Put bluntly, these organizations are drains on the system, and further feeding them and the people who they have hurt is an even bigger drain on the system. That said, I understand that we live in a society, and we can’t always think about things in these terms. I don’t advocate, for example, that we stop all social services, which many perceive as drains. But it’s damaging to the business environment and ultimately consumers to support businesses just because we always have. It not only encourages organizations to be reckless about their management habits, but it encourages those who work for them and invest in them to behave carelessly and greedily. Aggregated over a nation and over decades, it’s primes us perfectly for future disasters of equal or greater magnitude.
Put the right incentives in place, and you can avoid this sort of thing. If you knew that no one was going to bail you out, your company would probably act in a much more controlled manner. If you were investing your life or your live savings in that company, you might spend a bit more time scrutinizing the management practices of that company. Which is what these organizations and people are supposed to be doing in the first place.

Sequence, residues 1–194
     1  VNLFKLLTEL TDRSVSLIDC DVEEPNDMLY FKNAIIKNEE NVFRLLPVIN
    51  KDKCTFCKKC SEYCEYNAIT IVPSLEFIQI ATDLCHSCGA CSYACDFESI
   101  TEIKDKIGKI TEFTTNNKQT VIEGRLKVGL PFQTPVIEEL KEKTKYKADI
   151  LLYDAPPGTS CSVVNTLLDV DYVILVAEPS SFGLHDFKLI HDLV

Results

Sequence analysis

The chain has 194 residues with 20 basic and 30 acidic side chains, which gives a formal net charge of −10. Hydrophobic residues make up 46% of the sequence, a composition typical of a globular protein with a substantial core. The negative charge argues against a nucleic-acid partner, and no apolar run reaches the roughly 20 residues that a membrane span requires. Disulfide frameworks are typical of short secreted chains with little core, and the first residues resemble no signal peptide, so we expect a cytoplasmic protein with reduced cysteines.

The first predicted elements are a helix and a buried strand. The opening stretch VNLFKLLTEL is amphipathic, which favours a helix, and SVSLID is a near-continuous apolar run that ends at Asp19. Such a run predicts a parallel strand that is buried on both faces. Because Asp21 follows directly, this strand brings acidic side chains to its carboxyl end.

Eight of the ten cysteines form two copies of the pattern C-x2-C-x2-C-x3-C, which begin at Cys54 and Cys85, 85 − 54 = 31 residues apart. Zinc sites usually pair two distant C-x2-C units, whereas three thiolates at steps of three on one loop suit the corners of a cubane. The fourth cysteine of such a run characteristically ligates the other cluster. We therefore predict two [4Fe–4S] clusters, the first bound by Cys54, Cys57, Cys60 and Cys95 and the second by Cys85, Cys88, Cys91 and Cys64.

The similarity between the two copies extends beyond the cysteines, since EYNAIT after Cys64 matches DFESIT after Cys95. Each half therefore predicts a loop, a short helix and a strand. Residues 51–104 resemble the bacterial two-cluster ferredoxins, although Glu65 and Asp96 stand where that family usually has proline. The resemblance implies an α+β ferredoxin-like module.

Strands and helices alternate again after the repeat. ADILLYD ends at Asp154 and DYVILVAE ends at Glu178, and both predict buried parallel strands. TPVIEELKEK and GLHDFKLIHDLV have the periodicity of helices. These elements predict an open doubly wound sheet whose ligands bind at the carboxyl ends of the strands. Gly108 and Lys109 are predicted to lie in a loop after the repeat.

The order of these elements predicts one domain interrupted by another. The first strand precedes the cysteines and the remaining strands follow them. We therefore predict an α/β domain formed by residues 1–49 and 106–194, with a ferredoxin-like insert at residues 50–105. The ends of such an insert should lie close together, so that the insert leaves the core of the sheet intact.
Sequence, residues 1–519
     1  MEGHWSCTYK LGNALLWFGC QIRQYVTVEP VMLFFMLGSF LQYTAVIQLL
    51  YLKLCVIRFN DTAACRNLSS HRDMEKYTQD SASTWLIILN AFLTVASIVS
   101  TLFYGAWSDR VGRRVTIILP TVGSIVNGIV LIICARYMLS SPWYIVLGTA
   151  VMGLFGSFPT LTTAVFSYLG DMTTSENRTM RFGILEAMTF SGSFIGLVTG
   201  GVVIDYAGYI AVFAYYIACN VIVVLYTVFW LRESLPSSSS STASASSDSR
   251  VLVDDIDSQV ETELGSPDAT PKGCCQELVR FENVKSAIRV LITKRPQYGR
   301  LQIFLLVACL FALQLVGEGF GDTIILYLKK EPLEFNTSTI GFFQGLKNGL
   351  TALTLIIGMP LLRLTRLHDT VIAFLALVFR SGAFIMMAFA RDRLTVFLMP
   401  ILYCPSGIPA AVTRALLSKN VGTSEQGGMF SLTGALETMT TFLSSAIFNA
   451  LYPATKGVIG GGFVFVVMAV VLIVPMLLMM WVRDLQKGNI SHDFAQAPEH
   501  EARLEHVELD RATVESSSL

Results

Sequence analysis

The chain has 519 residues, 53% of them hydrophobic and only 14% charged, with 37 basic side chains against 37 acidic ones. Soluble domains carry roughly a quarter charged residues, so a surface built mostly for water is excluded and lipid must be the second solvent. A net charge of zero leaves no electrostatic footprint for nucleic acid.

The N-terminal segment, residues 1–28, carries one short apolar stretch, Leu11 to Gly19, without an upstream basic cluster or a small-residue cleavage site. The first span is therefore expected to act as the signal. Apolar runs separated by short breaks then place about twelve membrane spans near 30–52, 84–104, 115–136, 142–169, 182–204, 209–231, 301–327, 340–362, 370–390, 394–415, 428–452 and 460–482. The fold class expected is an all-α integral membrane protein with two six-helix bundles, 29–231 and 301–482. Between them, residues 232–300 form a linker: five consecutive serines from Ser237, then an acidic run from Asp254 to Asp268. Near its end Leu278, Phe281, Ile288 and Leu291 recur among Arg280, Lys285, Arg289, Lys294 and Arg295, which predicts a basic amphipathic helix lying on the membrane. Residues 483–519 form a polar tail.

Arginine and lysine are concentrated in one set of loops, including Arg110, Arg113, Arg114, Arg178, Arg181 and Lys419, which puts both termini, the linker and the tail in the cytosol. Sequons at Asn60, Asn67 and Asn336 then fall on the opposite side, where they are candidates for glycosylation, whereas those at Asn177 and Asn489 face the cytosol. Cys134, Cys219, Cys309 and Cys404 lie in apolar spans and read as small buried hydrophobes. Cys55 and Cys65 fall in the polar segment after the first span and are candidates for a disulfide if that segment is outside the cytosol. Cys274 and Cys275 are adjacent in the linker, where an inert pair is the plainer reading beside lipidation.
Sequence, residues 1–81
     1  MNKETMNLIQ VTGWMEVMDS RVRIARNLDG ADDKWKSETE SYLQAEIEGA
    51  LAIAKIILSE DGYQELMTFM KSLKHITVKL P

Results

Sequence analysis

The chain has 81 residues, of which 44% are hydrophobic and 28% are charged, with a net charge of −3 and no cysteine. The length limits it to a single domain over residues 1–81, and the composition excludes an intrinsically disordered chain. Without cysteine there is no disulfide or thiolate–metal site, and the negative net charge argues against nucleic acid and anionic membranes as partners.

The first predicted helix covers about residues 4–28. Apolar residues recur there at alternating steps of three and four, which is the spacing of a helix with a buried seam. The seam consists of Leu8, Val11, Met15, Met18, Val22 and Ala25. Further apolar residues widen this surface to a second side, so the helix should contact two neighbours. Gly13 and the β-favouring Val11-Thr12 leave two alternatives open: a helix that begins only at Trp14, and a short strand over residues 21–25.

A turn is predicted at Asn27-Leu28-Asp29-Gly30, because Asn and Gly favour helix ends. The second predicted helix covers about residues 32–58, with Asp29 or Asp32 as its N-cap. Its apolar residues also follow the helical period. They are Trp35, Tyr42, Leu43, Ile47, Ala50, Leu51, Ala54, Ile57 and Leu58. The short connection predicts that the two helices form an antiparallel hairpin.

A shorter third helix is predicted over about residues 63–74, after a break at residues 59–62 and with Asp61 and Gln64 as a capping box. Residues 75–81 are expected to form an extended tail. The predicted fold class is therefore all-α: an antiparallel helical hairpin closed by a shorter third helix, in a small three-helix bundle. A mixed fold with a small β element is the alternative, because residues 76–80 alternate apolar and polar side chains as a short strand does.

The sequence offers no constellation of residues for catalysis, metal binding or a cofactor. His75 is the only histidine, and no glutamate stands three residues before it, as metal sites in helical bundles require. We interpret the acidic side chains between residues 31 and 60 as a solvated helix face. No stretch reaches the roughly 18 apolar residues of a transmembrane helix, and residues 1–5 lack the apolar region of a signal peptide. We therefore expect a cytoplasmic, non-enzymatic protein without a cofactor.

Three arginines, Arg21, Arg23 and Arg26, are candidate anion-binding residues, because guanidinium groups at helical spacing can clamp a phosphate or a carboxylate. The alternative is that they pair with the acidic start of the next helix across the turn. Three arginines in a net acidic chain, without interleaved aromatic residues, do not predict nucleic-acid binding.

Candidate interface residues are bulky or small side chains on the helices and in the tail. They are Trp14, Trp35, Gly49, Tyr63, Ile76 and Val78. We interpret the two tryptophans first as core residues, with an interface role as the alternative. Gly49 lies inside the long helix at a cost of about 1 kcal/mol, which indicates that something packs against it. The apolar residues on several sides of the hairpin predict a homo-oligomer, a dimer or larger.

Consider this: a herd of antelope will never try to nurse or save an injured antelope, regardless of whether it was maimed by a predator or by another antelope. To do so would jeopardize the future of the rest of the herd. Standing around and attending to the injured puts them all at risk. And indeed, some antelope will need to serve as fuel for the predators. These predators probably aren’t viewed positively by the antelope (if they have such a capacity), but in a way, they are actually protecting the antelope society as a whole because they enable a systematic checks-and-balances that promotes a balanced ecologic sphere that keeps the antelope’s environment stable. Without this, the antelope would overpopulate and eat themselves to famine. Then all of a sudden, the seeming prosperity would reveal itself to just be an elaborate illusion, and they’d see that actually there wouldn’t be enough food or resources to go around. Does this sound at all familiar?